Graduate student Lee receives prestigious Intel Fellowship



Seungchul Lee
Seungchul Lee

The Intel Foundation PhD Fellowship Program provides fellowship awards for graduate students pursuing cutting-edge work in the fields that relate to Intel’s business and research interests. These fellowships are highly competitive, and receiving one is a major distinction in a student’s career.

So, when ECE grad student Seungchul Lee learned that he had received one of these prestigious fellowships, he was extremely happy, but he was also very generous in his praise for his fellow students in the research group. “I’d like to say that I’m really thankful for the other students in this group and my adviser because we all do similar research,” said Lee. “I believe that I received this on behalf of our group.”

Since coming to Illinois two years ago, Lee has been working on the calibration of digital and analog circuits. Although the scaling down of CMOS technology promises faster and lower-power circuits, it is not necessarily good for analog circuitry design. “Real data information—what you see and what you hear—is analog information. And you need to convert that into digital information,” said Lee.

In the process of converting to digital, a bottleneck occurs because there are two problems that need to be overcome in the conversion process: circuit linearity and memory errors. Lee is striving to overcome this bottleneck through a new process of calibrating digital and analog circuits. “Unlike the conventional calibration methods that are focused on a single error source,” explained Lee, “I pursue more universal techniques that are extendible to the treatment of nonlinearities of active devices.”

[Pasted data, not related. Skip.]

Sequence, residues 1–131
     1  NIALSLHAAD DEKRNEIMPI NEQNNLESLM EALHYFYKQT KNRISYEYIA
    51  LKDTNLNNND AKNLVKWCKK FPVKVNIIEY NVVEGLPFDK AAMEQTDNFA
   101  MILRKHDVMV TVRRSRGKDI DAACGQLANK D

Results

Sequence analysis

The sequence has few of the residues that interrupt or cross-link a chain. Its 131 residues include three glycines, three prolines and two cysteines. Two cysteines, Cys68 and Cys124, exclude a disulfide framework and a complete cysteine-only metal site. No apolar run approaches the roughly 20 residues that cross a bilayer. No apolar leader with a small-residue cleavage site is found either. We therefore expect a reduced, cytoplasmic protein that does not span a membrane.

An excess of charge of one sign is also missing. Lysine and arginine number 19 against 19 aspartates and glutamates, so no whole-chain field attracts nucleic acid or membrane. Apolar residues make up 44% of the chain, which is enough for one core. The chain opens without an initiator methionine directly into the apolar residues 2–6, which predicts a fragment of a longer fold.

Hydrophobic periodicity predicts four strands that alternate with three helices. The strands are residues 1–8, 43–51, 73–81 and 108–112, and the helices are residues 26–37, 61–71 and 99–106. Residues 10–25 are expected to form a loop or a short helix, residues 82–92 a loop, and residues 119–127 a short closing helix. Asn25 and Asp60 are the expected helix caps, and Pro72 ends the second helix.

In the end, said Lee, his approach “will speed up and improve the accuracy in signal processing.”

ECE Assistant Professor Yun Chiu, Lee’s adviser, said that Lee is making some major inroads in an area that has been a source of difficulty in the industry. “In his research, complicated, power hungry analog circuits, with high linearity, will be replaced by efficient, inverter-type amplifiers and simple switched capacitors, with gross nonlinearity,” said Chiu. “The novelty of his work resides in the simplicity and universality of his approach.”

Lee received his bachelor’s and master’s degrees from Sogang University in Korea in 1998 and 2000, respectively. He spent seven years working in a government institute before coming to Illinois for his PhD work. Lee sees receiving this as a sign that industry recognizes the value of their research. “This means we are doing some meaningful research,” said Lee. “And this encourages us to publish more about our research.”